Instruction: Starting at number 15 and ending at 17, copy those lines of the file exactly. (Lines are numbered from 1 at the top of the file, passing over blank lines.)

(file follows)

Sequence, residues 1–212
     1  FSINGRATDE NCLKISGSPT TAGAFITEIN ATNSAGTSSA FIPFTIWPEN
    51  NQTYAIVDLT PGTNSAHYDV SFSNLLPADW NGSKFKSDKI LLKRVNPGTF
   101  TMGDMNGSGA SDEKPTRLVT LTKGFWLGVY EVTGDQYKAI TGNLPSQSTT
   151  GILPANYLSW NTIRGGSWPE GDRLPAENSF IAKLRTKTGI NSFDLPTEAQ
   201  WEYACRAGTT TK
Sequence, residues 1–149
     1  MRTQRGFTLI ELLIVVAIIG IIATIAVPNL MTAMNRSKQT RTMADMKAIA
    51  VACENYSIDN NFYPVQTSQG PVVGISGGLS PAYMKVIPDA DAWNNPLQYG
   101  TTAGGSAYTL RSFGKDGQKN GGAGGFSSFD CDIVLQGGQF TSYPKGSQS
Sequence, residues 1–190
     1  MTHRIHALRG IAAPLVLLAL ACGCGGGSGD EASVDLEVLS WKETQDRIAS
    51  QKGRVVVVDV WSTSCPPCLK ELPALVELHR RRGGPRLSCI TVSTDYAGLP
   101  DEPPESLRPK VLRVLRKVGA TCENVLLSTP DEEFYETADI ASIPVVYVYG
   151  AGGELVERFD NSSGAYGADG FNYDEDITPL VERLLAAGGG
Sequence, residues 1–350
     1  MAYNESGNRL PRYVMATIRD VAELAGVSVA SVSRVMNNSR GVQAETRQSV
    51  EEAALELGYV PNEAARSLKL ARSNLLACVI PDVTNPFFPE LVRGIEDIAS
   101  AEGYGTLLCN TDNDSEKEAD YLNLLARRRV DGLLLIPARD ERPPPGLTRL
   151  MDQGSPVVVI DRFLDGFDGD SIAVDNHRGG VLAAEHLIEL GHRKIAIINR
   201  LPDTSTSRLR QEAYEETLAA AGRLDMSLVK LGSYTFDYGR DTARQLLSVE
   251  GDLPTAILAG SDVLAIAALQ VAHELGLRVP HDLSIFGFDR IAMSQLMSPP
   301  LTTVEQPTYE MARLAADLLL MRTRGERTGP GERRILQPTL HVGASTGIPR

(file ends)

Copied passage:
   151  AGGELVERFD NSSGAYGADG FNYDEDITPL VERLLAAGGG
Sequence, residues 1–350
     1  MAYNESGNRL PRYVMATIRD VAELAGVSVA SVSRVMNNSR GVQAETRQSV